Urinary Stones

Urinary stones (calculi) are hardened mineral deposits that form in the kidney. They originate as microscopic particles and develop into stones over time. Urinary stones may contain various combinations of chemicals. The most common type of stone contains calcium in combination with either oxalate or phosphate.

Other stones may form from uric acid – the chemical that causes gout (a type of arthritis).  A less common type of stone is caused by infection in the urinary tract. This type of stone is called a struvite or infection stone. Other rare stones include cystine stones, which form due to a specific metabolic abnormality.


Urinary incontinence is the involuntary leakage of urine. In real terms, it is a bladder that ends up controlling your life, and can result in living in continual fear of urine leakage. Whilst not a life-threatening condition, it can have an enormous impact on an individual’s life with a profound loss of quality of life. The effects of incontinence are many, including severe embarrassment, restriction in daily activities and social life as well as limiting the ability to work and travel. People suffering from incontinence bear additional heavy costs due to the use of protection devices such as incontinence pads to help deal with the problem.


Patients with haematuria (blood in the urine) may be at risk of urogenital cancer. This study assesses the ability of a new urine test (Telomerase Biosensor Technology) to diagnose cancer in patients with haematuria in the hope of improving diagnostic accuracy and minimizing invasive testing.

Benign Prostate Hyperplasia

This is a gradual enlargement of the central portion of the prostate that compresses the urethra and causes obstruction to urine flow, giving rise to various symptoms including a weak flow of urine, urgency and nocturia (getting up from sleep to urinate). BPH is not cancer, and does not turn into cancer. BPH seems to be a normal part of ageing in men, but the degree of enlargement, as well as the severity of symptoms varies greatly. The most important aspect of BPH and the symptoms it causes is how much it bothers the man. Many men have minor symptoms which are of no concern to them and therefore treatment is not required. However, for those whose quality of life is being affected, there are several highly effective treatment options available. Medications can relax or shrink the prostate, whereas surgical treatments remove the obstructing prostate tissue. The most commonly performed operation for BPH is a TURP (trans-urethral resection of prostate), in which a telescope is passed through the urethra to the prostate, which is then shaved away from the inside.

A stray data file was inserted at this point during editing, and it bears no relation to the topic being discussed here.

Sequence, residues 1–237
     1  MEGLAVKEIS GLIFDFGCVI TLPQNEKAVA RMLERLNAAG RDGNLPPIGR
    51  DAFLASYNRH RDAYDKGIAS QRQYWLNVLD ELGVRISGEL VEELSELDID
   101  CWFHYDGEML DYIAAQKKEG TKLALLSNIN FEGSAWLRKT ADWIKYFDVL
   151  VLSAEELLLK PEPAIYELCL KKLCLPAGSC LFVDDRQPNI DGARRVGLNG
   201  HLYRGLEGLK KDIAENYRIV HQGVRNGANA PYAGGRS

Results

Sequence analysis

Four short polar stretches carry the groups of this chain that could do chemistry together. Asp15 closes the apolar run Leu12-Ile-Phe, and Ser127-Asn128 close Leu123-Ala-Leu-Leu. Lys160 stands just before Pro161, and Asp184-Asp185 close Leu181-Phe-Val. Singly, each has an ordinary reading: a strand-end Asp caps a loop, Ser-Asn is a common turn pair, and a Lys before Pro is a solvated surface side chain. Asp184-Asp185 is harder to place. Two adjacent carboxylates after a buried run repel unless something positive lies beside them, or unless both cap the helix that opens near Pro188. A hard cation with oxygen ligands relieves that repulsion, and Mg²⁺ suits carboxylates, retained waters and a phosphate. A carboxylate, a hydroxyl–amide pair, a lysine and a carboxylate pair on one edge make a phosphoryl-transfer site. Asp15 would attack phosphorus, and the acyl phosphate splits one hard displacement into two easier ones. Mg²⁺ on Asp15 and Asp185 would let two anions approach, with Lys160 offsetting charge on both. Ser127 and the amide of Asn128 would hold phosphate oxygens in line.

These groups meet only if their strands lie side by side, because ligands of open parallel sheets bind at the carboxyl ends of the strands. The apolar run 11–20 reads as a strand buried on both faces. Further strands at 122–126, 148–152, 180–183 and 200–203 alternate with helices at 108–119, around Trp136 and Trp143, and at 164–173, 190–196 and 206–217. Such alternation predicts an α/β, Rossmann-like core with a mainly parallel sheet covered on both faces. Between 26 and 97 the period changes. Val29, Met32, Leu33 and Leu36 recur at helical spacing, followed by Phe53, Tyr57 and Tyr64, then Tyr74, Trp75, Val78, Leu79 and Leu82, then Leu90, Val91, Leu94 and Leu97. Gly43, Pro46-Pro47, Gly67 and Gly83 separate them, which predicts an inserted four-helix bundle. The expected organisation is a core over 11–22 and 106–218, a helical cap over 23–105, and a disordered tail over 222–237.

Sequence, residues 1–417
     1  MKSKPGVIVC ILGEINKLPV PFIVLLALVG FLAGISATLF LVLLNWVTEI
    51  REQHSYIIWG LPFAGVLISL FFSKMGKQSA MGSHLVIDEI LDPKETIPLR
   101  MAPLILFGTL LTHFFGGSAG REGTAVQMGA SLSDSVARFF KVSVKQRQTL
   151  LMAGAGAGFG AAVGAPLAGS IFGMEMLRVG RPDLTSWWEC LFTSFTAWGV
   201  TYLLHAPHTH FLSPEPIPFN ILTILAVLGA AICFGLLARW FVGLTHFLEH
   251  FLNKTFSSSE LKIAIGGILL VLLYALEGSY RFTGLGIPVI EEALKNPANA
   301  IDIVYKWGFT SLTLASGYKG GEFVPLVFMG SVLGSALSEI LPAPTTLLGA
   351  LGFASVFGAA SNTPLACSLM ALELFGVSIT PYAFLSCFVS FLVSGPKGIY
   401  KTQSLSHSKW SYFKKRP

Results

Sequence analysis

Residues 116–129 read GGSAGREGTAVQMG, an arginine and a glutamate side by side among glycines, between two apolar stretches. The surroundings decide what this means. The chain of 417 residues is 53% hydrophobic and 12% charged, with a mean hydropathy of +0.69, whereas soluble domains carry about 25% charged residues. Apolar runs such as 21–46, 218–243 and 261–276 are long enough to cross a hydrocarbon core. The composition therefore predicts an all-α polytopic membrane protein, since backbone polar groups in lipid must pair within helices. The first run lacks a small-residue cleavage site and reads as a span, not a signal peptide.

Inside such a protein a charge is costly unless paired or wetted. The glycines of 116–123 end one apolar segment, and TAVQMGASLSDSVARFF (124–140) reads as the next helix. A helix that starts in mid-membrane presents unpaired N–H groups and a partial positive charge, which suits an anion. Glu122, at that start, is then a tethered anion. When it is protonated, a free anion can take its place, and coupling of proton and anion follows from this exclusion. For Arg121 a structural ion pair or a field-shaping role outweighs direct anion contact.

A neurogenic bladder is the term given to the loss of normal bladder function caused by damage to part of the nervous system. Normal bladder function relies on a complex co-ordination of nerve and muscle function to allow the storage and elimination of urine.

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